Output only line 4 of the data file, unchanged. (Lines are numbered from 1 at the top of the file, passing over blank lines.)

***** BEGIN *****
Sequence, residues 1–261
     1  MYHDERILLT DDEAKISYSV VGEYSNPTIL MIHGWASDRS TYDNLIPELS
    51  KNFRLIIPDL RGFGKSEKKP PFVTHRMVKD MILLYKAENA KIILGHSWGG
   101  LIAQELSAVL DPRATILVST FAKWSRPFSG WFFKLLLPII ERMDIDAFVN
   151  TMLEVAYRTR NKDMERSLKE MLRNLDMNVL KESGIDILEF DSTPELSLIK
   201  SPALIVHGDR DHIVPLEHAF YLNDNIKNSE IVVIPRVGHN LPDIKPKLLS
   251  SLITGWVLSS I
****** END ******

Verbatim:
   101  LIAQELSAVL DPRATILVST FAKWSRPFSG WFFKLLLPII ERMDIDAFVN